"Our findings indicate that the experience of having power without status, whether as a member of the military or a college student participating in an experiment, may be a catalyst for producing demeaning behaviors that can destroy relationships and impede goodwill," the study said.

Remedies to such situations include upper management telling persons in high-power/low-status posts "how important these roles are, so that they have status," Fast said.

The promise of bonuses or promotions could also help, Fast said.

But not all people in such posts are so disagreeable, he added.

"There are a lot of people in these roles who treat others well, and that's probably a function of personality," Fast added. "I don't want everyone in these roles to say, 'Wait a minute, I don't act that way.' There are other moderators like personality and culture."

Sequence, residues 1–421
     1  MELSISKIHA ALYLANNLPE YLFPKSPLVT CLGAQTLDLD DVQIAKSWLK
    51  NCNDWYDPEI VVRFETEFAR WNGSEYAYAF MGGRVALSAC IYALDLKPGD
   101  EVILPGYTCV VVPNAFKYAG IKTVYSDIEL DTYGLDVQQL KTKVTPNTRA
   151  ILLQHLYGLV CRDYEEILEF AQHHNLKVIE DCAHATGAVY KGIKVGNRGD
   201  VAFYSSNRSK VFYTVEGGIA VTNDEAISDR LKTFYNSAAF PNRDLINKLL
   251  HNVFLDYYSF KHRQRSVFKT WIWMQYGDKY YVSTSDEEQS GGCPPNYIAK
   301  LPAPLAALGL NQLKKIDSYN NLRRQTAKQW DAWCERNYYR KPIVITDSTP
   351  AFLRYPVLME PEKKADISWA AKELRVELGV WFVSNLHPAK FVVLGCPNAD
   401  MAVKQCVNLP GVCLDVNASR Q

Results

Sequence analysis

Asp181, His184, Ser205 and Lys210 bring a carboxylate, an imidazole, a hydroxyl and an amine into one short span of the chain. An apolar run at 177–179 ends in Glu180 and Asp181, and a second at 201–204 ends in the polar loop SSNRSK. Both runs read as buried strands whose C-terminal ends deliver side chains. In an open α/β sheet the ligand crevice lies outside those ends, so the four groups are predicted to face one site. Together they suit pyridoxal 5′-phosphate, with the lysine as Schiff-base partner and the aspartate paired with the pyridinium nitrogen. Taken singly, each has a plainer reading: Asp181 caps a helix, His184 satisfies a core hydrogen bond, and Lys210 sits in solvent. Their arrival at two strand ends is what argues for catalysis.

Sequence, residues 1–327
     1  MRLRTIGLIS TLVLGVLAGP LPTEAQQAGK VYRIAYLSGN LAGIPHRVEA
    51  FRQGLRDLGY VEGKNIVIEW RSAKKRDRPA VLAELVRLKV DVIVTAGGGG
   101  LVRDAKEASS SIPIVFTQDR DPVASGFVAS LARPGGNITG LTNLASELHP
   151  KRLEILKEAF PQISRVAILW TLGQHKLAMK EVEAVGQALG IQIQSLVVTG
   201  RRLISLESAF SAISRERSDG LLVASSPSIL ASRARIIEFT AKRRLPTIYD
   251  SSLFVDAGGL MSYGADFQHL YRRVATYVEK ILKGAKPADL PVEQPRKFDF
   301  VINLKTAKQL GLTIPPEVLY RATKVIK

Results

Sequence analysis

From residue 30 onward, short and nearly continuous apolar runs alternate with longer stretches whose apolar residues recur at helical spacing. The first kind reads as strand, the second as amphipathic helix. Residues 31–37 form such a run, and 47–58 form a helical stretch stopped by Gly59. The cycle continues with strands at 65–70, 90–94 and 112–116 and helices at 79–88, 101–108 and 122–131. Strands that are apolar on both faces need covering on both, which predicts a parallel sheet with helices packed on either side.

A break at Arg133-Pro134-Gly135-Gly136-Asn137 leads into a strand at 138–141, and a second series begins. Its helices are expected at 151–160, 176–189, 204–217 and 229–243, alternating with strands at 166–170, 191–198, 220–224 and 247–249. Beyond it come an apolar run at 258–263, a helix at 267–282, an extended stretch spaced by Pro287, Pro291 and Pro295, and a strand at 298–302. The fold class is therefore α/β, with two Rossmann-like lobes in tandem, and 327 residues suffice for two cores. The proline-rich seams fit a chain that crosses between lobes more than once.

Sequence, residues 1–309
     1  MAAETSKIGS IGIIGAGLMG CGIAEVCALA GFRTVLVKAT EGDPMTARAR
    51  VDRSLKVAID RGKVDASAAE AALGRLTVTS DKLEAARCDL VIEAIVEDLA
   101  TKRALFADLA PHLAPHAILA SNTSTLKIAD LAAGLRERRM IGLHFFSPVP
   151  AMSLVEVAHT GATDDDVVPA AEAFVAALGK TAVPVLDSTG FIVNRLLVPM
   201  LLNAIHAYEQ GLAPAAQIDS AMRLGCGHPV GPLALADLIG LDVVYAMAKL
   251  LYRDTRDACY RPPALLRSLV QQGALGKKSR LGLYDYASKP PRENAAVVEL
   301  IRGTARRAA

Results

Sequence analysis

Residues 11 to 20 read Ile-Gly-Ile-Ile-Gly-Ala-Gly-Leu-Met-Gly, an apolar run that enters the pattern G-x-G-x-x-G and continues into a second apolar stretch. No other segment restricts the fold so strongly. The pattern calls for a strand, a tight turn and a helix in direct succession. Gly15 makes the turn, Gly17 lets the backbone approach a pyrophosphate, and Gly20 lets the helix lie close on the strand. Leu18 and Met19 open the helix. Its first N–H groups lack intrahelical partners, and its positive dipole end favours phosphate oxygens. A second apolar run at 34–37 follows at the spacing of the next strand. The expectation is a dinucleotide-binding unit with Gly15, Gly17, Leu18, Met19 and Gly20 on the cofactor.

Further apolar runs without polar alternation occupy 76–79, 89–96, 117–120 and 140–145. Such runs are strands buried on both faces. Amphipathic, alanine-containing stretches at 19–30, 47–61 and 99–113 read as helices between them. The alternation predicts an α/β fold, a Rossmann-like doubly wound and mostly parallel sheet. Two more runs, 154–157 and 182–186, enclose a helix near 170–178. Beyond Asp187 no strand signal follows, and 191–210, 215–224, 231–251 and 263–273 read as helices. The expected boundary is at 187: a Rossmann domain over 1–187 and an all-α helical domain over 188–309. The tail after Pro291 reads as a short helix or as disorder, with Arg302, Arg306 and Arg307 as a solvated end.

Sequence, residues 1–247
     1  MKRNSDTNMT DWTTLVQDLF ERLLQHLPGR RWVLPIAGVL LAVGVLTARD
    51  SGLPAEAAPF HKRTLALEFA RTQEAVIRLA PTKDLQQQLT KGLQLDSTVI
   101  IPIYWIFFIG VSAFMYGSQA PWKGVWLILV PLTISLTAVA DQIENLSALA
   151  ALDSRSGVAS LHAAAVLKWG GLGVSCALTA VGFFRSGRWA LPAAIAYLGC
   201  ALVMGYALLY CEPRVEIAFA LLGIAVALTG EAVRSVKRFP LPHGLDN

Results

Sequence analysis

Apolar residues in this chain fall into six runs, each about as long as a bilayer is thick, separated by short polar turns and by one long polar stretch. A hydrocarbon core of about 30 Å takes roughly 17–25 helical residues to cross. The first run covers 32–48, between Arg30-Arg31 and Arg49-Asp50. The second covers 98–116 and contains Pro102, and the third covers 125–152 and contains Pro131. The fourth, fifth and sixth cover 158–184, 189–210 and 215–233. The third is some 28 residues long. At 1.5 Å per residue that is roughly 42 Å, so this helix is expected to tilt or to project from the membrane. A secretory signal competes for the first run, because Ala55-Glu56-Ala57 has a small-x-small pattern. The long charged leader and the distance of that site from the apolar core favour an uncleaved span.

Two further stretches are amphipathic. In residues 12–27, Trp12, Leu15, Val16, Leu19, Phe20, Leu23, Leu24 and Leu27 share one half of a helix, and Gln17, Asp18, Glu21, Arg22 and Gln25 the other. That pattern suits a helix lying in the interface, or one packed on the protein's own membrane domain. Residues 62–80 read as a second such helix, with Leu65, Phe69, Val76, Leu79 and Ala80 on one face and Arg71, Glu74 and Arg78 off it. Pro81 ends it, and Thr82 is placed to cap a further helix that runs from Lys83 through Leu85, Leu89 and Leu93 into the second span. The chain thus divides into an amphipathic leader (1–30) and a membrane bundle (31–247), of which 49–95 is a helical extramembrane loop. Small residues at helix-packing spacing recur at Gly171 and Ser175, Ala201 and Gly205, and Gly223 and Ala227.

The study was also conducted by Nir Halevy, acting assistant professor of organizational behavior at the Stanford Graduate School of Business, and Adam Galinsky, professor of management and organizations at the Kellogg School of Management at Northwestern University.

"It's important to study power and status because hierarchy is everywhere. You can't get away from it," Fast said. "Whether you're with family and friends, volunteering at a soup kitchen, or working in a big organization, there's always a hierarchy."

http://edition.cnn.com/2011/09/24/us/california-power-status-study/

Thursday, September 15, 2011

'There's nothing uniquely S'porean about inequality'

Sep 14, 2011
 
THE ST INTERVIEW
It's a global trend, but the Republic needs policies to tackle growing wealth gap, says expert